When walking around the university at night or during the weekends, you’re bound to see skaters taking advantage of Chapman’s very skateable campus. Some may be Chapman students indulging in their favorite hobby, while others are high school students coming to have their own fun.
You may hear the loud crack when a board hits the floor, a skater or scooter may cut in front of you, almost hit you or even fall with a loud thud right in front of you.
“He just flew flat on his back on the ground. It looked super painful… he definitely hit his head,” sophomore Isabella De La Torre described of one such skater.
While students who walk go about their day normally, skaters often come to Chapman to take advantage of all the university concrete. Most students don’t mind, but others are almost ran into, have practices interrupted and are even witnesses to a bad wipeout.
For De La Torre, it was hard to witness an accident happening on campus to someone who didn’t even go to Chapman.
“I can tell he was equally embarrassed but also trying to play off the pain he was in because it obviously hurt,” said De La Torre.
Shocked in the moment at hand, De La Torre didn’t know what to do — help the skater up or leave him to his own embarrassment to get up on his own.
“I didn’t go up to him because I would be so mortified if that was me that I wouldn’t want anyone to check on me,” explained De La Torre.
While injuries like these are few, skaters and scooters still can cause a ruckus on campus. However, that doesn’t mean all of them are disrespectful and rude to those around them. Most genuinely want to take advantage of Chapman’s open campus policy to skate in one of the only skateable areas around Orange.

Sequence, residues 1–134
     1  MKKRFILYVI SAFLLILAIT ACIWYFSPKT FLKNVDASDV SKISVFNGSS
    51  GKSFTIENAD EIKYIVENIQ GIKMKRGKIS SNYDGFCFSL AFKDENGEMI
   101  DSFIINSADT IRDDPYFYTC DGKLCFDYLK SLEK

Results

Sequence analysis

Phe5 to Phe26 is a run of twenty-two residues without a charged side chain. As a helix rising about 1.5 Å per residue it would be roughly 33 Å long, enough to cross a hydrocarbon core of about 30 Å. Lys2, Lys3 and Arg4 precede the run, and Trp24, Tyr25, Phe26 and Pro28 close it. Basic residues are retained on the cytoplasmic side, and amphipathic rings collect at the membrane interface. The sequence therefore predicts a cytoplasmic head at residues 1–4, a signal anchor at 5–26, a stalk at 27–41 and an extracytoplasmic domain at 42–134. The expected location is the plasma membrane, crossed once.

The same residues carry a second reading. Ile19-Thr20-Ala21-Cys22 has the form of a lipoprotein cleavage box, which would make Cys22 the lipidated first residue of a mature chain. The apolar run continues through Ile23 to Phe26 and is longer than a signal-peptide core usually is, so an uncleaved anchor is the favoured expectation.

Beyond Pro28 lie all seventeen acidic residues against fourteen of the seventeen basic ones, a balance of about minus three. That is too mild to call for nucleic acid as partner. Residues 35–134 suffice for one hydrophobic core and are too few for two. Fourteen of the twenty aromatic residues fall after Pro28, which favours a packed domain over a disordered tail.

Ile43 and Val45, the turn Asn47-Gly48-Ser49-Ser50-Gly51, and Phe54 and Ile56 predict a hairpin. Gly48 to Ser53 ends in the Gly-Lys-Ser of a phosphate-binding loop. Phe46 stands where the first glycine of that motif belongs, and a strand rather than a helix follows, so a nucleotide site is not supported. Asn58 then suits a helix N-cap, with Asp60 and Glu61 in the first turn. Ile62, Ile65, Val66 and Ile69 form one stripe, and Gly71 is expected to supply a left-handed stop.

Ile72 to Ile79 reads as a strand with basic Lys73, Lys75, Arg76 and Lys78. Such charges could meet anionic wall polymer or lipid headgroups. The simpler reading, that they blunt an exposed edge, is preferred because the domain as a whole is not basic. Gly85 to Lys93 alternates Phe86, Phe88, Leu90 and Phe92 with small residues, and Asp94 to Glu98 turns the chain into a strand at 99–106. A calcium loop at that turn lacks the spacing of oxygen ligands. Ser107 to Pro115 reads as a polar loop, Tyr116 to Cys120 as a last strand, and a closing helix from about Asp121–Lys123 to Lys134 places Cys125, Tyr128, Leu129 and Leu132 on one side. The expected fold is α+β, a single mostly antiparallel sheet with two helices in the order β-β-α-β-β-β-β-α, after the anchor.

We’ve all seen them around Chapman at one point or another, most likely ollieing down the stairs at various places around campus or outside of Beckman Hall’s “perfect” skating surface.
Chapman sophomore Sean Iritani skates on campus often, and isn’t trying to be disrespectful to anybody. For him, skating is something fun to do, and a good stress reliever.
“We’re just trying to have fun like other people,” said Iritani. “Skating is just a means for us to have our fun. Whatever that may be for other people, we just choose to do it on the piece of wood.”
Iritani does recognize that skating can be a nuisance to others on campus. However, he tries his best not to bother others when he is skating on campus and tries his best to avoid people.
“I understand it’s pretty loud, it’s pretty dangerous and if we eat shit and the board hits someone, then it’s pretty annoying. But we try not to do that… and we try to skate away from people. So, we keep that into consideration when we do skate on campus.”
Most people don’t seem to care too much about having them around campus. In fact, most are like Iritani and are respectful. They recognize when and where to skate around campus. However, there are some students that don’t attend Chapman who go out of their way to cause trouble simply because they can.
Senior soccer player Mia Fowler was a part of a practice that was interrupted by two “high school aged” students on electric scooters that came into the field. This practice was crucial because it was right before Chapman’s first playoff game. According to Fowler, the scooter-wielding students were on the field for about four whole minutes, taunting the women’s soccer coach and even riding on to the field where the players were.
“We want to have a professional environment at our soccer practices as much as possible,” said Fowler. “So when kids are flying around yelling and screaming and distracting all of us it takes away from our goal and it’s annoying.”